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We Need To Get Over Our Obsession With Unconditional Love


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There’s a false assumption about love that is destroying relationships. You’ve seen it, probably thrown it up on a timeline, post-breakup passive-aggressive-style. It goes something like this:

“If you can’t handle me at my worst, you don’t deserve me at my best.”

And what that’s really saying is, “I deserve unconditional love.”

Boom. Period. Really? Okay. So, where did the idea of unconditional love, from your partner specifically, come from? How is this a good thing? Let’s examine:

Terrible people are … terrible.

Reactive behavior, the inability to behave like an adult: storming out, becoming violent, justifying awful behavior? All those things should have severe consequences. Like losing friends and developing a bad reputation. I know this is a hard pill to swallow, but, you are acting like a child. Your “worst” sounds abusive. You might have some really understanding friends who’ll stick around and help you develop into a better human (and good for them), but the only other people who stand by you are most likely your parents. Or, potentially, enablers. If you’ve lost friends, can’t keep a relationship going, and keep getting hurt? Then learn from it. Don’t go to that place anymore.

Okay, it starts with loving our children. But … you are not a child.

Parents love their kids. They have to, otherwise, our species would have never made it this far. But, that sense of unconditional love takes over during a period of extremely limited decision-making ability on the part of your toddlers. The prefrontal cortex is the last part of the brain to develop, and this is the key area responsible for emotional, rational cognition. Once you become an adult, you no longer have that excuse, and not everyone you meet will be as understanding as mom and dad. So, yes, we learn unconditional love from our families, but when you grow up? Well…love should be conditional. Example: your partner lies and cheats over and over. You shouldn’t continue to love that person over and over.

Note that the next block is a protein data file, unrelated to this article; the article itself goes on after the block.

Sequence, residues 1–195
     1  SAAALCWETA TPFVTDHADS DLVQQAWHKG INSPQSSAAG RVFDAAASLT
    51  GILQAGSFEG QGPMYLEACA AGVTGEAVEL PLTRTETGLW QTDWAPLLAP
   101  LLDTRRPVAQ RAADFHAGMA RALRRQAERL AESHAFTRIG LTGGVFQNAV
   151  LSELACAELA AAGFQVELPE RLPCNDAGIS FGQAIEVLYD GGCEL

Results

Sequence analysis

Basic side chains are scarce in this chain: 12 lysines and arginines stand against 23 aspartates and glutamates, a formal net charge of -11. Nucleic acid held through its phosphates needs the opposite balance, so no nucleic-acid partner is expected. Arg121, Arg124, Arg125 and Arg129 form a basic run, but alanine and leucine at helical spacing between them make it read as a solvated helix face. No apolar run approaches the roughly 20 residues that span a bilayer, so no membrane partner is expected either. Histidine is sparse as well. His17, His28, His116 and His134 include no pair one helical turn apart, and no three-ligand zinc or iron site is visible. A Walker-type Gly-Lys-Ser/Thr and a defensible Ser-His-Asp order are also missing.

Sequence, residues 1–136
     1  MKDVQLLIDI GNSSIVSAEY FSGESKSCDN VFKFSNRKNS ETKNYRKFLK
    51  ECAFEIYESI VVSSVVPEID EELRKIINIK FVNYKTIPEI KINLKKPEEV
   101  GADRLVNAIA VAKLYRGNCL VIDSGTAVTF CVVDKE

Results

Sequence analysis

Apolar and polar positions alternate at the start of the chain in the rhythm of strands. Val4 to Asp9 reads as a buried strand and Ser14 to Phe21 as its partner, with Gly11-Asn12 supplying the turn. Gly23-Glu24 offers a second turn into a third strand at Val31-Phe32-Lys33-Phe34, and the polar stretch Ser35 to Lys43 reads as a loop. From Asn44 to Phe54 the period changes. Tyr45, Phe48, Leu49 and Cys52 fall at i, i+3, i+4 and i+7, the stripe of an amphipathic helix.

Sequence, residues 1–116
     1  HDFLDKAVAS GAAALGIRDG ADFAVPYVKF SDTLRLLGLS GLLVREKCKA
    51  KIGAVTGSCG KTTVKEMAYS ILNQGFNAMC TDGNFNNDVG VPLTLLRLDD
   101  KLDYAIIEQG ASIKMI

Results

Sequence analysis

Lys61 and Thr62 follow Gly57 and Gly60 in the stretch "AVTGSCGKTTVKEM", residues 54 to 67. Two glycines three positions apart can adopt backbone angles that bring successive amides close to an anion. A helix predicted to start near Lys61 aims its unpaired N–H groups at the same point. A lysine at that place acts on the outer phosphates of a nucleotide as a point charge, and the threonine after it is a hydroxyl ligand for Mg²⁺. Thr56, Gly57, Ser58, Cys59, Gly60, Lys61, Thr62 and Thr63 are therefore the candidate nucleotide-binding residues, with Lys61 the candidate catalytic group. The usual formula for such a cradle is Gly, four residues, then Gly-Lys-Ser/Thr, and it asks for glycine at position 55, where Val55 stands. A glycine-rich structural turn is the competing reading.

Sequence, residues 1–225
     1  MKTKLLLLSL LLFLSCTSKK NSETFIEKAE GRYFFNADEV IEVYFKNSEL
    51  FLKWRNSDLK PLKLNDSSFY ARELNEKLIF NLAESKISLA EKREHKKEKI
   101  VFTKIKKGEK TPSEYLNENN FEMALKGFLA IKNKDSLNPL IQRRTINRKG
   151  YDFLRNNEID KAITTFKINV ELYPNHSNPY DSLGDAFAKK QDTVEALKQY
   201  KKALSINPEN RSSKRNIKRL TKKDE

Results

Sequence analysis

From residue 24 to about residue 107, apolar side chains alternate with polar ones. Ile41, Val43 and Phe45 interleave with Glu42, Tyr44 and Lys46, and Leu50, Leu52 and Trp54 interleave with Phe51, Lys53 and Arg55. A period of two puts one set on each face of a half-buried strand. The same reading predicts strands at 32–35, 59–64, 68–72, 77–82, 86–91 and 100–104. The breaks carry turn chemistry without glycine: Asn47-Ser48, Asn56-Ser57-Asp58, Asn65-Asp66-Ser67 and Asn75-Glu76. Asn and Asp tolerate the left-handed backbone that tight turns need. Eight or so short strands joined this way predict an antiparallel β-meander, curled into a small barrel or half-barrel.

Zero consequences = zero growth.

The idea that someone could do anything, act like a horse’s ass, and get away with murder because they expect absolute, unconditional love — and all the things that go with it — is disturbing. Go ahead. See how much you can hide from your spouse, your friends, and your family. Do you think you’re being cute? Would you honestly respect someone who stood by and accepted you no matter how badly they were treated?

You can’t take some things back.

Love is a risk. People, real people, have to decide to open their hearts to you. It’s a big deal for some people. Violate that trust and you’re crossing a line that can never be un-checked.

People. Not robots.

Wounds leave scar tissue and people have limits. Real people come with baggage, memories last longer than you think, and the concept of “forgive and forget” is a joke. The effects of verbal abuse are far-reaching and not always visible from the outside. No one deserves you at your worst.

Partnerships should be about celebrating victories, lifting each other up, supporting the lows, and building a life together. But this one human can’t be the antidote to your awfulness. It’s a limited deal and it’s not a one-time sale. It has to be nurtured, fed, and maintained. If you’re looking for love with unconditional boundaries you may want to ask yourself why.

Lindsay Lauck

Lindsay Lauck is a writer, blogger, musician, and marketing professional in the Mountain West. When she’s not dishing out life advice, she can be found sampling the local whiskey, playing her guitar, and hiking with her dog.